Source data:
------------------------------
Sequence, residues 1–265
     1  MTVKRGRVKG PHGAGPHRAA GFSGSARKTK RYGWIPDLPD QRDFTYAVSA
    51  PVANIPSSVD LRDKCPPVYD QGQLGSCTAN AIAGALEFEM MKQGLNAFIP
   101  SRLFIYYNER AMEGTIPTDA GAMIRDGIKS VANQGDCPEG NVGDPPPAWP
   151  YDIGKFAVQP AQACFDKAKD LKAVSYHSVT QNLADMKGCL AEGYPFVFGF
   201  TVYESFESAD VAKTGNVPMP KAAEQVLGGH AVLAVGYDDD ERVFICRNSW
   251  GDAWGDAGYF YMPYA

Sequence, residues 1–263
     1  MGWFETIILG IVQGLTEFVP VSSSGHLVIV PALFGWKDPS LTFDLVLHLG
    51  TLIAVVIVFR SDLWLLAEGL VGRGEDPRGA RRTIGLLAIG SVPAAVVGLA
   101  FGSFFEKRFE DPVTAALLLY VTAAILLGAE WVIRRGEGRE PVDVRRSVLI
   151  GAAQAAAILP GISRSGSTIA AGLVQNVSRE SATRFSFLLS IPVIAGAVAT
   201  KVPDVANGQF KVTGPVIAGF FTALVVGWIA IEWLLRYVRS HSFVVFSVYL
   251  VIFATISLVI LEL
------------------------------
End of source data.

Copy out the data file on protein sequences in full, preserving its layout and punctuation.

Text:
Sequence, residues 1–265
     1  MTVKRGRVKG PHGAGPHRAA GFSGSARKTK RYGWIPDLPD QRDFTYAVSA
    51  PVANIPSSVD LRDKCPPVYD QGQLGSCTAN AIAGALEFEM MKQGLNAFIP
   101  SRLFIYYNER AMEGTIPTDA GAMIRDGIKS VANQGDCPEG NVGDPPPAWP
   151  YDIGKFAVQP AQACFDKAKD LKAVSYHSVT QNLADMKGCL AEGYPFVFGF
   201  TVYESFESAD VAKTGNVPMP KAAEQVLGGH AVLAVGYDDD ERVFICRNSW
   251  GDAWGDAGYF YMPYA

Sequence, residues 1–263
     1  MGWFETIILG IVQGLTEFVP VSSSGHLVIV PALFGWKDPS LTFDLVLHLG
    51  TLIAVVIVFR SDLWLLAEGL VGRGEDPRGA RRTIGLLAIG SVPAAVVGLA
   101  FGSFFEKRFE DPVTAALLLY VTAAILLGAE WVIRRGEGRE PVDVRRSVLI
   151  GAAQAAAILP GISRSGSTIA AGLVQNVSRE SATRFSFLLS IPVIAGAVAT
   201  KVPDVANGQF KVTGPVIAGF FTALVVGWIA IEWLLRYVRS HSFVVFSVYL
   251  VIFATISLVI LEL